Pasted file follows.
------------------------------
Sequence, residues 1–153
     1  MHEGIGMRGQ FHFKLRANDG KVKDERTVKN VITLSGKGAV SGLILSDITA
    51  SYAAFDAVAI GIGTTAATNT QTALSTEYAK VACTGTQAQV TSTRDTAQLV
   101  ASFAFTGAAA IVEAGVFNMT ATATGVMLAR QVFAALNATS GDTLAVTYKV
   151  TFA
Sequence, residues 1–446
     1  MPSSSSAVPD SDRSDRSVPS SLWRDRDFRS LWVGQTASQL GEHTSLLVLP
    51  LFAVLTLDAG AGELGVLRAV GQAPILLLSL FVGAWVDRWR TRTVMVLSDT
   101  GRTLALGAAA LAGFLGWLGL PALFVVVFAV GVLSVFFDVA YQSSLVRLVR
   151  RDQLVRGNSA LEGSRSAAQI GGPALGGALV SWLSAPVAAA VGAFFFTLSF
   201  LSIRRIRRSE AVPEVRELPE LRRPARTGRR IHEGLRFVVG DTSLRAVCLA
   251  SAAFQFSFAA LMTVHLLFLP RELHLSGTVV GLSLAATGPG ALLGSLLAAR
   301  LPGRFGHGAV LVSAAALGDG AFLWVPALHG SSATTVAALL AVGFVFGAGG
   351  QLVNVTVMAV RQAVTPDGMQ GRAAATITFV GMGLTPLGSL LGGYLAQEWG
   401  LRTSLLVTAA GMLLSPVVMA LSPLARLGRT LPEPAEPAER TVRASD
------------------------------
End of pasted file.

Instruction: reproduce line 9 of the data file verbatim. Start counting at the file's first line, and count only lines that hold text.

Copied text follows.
   101  GRTLALGAAA LAGFLGWLGL PALFVVVFAV GVLSVFFDVA YQSSLVRLVR